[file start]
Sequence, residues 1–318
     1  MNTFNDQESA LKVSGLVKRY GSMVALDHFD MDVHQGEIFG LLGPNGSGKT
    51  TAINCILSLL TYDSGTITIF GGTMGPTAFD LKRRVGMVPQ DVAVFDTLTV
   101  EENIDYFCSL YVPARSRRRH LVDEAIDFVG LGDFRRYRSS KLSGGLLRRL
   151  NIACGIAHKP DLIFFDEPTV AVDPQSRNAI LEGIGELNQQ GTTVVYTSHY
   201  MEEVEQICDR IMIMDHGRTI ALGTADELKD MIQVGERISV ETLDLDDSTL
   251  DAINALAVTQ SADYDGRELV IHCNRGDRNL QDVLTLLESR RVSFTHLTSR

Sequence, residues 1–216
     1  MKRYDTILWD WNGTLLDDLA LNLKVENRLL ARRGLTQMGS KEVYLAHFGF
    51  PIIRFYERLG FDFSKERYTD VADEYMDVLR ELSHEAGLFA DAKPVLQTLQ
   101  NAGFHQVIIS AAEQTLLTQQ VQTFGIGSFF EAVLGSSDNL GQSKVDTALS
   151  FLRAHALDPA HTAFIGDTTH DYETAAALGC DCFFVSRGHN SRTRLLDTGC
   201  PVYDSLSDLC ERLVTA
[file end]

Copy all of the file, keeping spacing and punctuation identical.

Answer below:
Sequence, residues 1–318
     1  MNTFNDQESA LKVSGLVKRY GSMVALDHFD MDVHQGEIFG LLGPNGSGKT
    51  TAINCILSLL TYDSGTITIF GGTMGPTAFD LKRRVGMVPQ DVAVFDTLTV
   101  EENIDYFCSL YVPARSRRRH LVDEAIDFVG LGDFRRYRSS KLSGGLLRRL
   151  NIACGIAHKP DLIFFDEPTV AVDPQSRNAI LEGIGELNQQ GTTVVYTSHY
   201  MEEVEQICDR IMIMDHGRTI ALGTADELKD MIQVGERISV ETLDLDDSTL
   251  DAINALAVTQ SADYDGRELV IHCNRGDRNL QDVLTLLESR RVSFTHLTSR

Sequence, residues 1–216
     1  MKRYDTILWD WNGTLLDDLA LNLKVENRLL ARRGLTQMGS KEVYLAHFGF
    51  PIIRFYERLG FDFSKERYTD VADEYMDVLR ELSHEAGLFA DAKPVLQTLQ
   101  NAGFHQVIIS AAEQTLLTQQ VQTFGIGSFF EAVLGSSDNL GQSKVDTALS
   151  FLRAHALDPA HTAFIGDTTH DYETAAALGC DCFFVSRGHN SRTRLLDTGC
   201  PVYDSLSDLC ERLVTA